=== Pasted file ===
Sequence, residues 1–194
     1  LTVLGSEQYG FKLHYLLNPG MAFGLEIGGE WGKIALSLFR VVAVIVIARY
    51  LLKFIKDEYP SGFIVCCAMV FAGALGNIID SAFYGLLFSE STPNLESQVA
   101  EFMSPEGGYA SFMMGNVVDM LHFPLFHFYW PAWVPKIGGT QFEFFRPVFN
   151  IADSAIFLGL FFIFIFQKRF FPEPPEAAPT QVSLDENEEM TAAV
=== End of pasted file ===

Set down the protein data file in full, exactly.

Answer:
Sequence, residues 1–194
     1  LTVLGSEQYG FKLHYLLNPG MAFGLEIGGE WGKIALSLFR VVAVIVIARY
    51  LLKFIKDEYP SGFIVCCAMV FAGALGNIID SAFYGLLFSE STPNLESQVA
   101  EFMSPEGGYA SFMMGNVVDM LHFPLFHFYW PAWVPKIGGT QFEFFRPVFN
   151  IADSAIFLGL FFIFIFQKRF FPEPPEAAPT QVSLDENEEM TAAV